How Does Debt Factoring Work?

Running a business can be tough, especially when it comes to managing cashflow. In an ideal world, a customer would place an order and pay for it and you would then use that money to buy the goods form your supplier at a lower price, thus making a profit. 

However, in the real world it does not work like this. For starters, if you are selling to another business, they are likely going to want credit terms that would allow them to settle their invoices after a period of (usually) between 30 and 60 days. This means that they will expect the goods to be delivered and then they won’t make payment for another one or two months after receipt of the goods. In the meantime, you will have to order from your supplier. 

While you should also get credit terms from your supplier, your bills are likely to be due before your customer pays you, which can cause a cashflow problem in some instances. So, is there anything that you can do? 

Will Debt Factoring Help Your Business? 

There are a few ways of generating cashflow for a business, and debt factoring is one of them. But how does it work? 

According to the folk at Utah-based finance company Thales Financial, debt or invoice factoring is the process of selling accounts receivable to a third-party company. The invoices may be sold at a discounted rate, or the business may agree to pay a percentage of the invoice amount. The factoring company will advance the amount of the invoice to the business, giving them quick access to funds. Some factoring companies will advance the full amount of the invoice, while others will advance between 80% and 90% and will hold the rest until the customer pays.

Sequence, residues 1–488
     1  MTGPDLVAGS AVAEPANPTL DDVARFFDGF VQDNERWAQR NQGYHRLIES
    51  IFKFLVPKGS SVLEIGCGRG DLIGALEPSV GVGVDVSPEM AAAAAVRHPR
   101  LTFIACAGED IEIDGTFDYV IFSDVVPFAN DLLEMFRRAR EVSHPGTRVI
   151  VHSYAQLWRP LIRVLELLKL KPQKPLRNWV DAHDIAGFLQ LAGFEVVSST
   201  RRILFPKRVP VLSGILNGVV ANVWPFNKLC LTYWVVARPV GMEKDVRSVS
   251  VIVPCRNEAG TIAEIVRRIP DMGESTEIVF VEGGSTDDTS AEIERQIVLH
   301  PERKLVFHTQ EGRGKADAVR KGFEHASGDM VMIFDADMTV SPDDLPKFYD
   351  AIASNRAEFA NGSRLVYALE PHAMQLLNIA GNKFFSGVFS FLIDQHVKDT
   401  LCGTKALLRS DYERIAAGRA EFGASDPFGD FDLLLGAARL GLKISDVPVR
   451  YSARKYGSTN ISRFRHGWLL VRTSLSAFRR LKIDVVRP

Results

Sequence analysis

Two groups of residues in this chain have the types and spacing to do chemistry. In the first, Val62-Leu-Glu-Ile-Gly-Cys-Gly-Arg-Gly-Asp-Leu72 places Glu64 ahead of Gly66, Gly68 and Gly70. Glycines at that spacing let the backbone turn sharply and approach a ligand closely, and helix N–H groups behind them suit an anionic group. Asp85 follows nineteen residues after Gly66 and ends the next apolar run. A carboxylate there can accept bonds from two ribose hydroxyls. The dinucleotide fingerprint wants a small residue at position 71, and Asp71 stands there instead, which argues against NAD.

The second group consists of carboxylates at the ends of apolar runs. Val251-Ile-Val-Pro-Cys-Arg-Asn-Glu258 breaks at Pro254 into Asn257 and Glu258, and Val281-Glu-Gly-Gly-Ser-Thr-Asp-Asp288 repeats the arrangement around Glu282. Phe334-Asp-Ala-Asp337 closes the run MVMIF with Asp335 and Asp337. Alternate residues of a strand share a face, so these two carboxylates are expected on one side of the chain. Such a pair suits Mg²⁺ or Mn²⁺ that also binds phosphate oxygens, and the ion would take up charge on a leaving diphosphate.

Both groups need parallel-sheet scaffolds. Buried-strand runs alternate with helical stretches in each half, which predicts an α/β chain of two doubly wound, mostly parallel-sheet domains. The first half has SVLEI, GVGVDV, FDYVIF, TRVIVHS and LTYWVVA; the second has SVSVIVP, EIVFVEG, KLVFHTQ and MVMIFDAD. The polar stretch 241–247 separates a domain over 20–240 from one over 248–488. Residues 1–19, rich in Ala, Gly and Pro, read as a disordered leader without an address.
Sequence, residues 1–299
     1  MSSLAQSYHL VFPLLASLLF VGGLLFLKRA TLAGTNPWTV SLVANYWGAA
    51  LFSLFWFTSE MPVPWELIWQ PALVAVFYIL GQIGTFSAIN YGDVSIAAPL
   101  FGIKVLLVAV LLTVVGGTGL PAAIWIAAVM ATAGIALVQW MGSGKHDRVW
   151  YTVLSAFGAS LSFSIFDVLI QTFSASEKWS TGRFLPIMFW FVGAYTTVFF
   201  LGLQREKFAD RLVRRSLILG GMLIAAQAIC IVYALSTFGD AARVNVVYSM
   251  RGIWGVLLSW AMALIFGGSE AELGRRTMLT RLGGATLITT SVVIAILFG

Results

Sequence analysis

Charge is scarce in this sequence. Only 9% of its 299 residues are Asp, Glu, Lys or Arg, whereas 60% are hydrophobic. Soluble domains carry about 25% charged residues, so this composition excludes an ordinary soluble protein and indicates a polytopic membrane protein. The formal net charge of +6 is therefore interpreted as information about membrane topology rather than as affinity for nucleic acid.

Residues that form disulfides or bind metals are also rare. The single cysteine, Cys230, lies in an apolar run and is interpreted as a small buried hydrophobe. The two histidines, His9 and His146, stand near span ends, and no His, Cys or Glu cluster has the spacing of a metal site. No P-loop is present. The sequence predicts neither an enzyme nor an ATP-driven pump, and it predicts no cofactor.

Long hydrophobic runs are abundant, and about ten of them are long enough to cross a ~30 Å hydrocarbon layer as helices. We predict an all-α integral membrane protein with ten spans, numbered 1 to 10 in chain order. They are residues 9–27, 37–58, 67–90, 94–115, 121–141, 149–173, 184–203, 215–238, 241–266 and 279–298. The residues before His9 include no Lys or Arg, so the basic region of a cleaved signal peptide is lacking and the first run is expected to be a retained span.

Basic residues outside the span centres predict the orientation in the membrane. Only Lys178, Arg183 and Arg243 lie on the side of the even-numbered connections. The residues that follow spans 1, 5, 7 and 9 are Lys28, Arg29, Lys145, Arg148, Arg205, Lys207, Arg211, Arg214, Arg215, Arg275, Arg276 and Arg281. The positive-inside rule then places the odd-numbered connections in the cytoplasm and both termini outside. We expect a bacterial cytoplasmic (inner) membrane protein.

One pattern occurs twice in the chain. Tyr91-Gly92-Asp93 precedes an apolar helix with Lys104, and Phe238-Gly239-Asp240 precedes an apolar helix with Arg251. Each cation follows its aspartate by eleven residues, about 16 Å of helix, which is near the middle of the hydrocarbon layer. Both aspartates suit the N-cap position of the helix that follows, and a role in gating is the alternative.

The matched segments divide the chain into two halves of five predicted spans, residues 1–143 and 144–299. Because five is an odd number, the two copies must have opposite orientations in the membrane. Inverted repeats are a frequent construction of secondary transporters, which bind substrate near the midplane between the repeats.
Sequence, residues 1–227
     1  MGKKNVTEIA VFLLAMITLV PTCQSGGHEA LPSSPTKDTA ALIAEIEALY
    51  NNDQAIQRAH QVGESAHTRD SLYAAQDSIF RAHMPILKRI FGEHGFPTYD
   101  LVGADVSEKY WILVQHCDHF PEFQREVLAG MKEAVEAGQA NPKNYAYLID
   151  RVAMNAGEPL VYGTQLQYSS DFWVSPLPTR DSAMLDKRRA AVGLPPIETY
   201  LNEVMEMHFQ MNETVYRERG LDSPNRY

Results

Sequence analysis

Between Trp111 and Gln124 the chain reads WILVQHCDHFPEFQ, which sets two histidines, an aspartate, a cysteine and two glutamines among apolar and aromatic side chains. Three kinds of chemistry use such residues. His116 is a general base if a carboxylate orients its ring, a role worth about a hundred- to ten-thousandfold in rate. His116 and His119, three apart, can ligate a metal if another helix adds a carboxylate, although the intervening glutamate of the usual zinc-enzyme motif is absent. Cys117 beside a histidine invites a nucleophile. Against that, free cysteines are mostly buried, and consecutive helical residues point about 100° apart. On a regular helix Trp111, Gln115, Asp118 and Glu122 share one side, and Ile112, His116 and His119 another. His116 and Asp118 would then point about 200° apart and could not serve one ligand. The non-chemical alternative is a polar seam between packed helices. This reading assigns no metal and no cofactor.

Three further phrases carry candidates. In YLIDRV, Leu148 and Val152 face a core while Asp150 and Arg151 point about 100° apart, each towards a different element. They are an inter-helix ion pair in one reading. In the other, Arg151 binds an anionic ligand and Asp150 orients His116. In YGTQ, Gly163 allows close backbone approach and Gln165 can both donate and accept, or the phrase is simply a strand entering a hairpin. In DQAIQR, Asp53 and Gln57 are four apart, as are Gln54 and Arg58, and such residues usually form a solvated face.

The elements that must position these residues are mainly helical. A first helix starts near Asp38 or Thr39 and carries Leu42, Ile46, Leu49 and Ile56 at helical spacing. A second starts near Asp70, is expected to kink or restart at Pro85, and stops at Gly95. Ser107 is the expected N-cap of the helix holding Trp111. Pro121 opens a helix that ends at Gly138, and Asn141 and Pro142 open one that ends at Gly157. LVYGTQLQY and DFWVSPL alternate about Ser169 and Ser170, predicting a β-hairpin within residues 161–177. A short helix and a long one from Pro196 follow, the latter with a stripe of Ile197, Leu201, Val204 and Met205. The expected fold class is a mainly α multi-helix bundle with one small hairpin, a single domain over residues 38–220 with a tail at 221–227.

If you are wondering whether invoice factoring is right for your business, you will need to consider the cost of the factoring contract. If access to immediate cashflow will help you to negotiate better terms with your suppliers, then you may feel that it is definitely worth it. With flexible funding, you may have the opportunity for quicker growth too, which is a massive benefit. 

Some companies also like the fact that with debt factoring they do not have to worry about the credit control side of the business because the third-party company is taking care of it for them. They don’t have to hire staff to chase their customers for payment and so feel that the amount they are paying to the factoring company is worth it. 

What to Think About

If you are going to factor your invoices, you need to be sure that it is a good solution for your business. Remember, you may end up paying more as your business grows, especially if the factoring company is charging you a percentage of the invoice total. The more you are paying the factoring company, the less profit you are making overall. 

Invoice factoring might also not be ideal if it is going to upset your customers. Customers that have been with you for a long time might be aggrieved if you are selling their invoices to another company, and it could put a strain on your relations (particularly if you are factoring invoices from a reliable payer). 


Debt factoring is something that may be worth considering if you need to improve your business’s cashflow. It can be a quick way to access cash and can help you to get better terms from your suppliers. But if you are paying a percentage of each invoice amount, it could end up costing you more money as your business grows.